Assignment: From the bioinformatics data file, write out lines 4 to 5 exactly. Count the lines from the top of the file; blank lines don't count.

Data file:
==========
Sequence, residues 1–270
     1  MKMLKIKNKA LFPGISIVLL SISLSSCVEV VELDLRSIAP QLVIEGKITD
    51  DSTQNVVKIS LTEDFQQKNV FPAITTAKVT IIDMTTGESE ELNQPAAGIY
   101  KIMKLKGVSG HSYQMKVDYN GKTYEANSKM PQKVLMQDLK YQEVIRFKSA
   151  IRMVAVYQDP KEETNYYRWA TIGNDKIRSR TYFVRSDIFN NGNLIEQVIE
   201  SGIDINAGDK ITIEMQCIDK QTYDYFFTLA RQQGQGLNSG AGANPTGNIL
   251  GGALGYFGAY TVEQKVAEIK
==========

   101  KIMKLKGVSG HSYQMKVDYN GKTYEANSKM PQKVLMQDLK YQEVIRFKSA
   151  IRMVAVYQDP KEETNYYRWA TIGNDKIRSR TYFVRSDIFN NGNLIEQVIE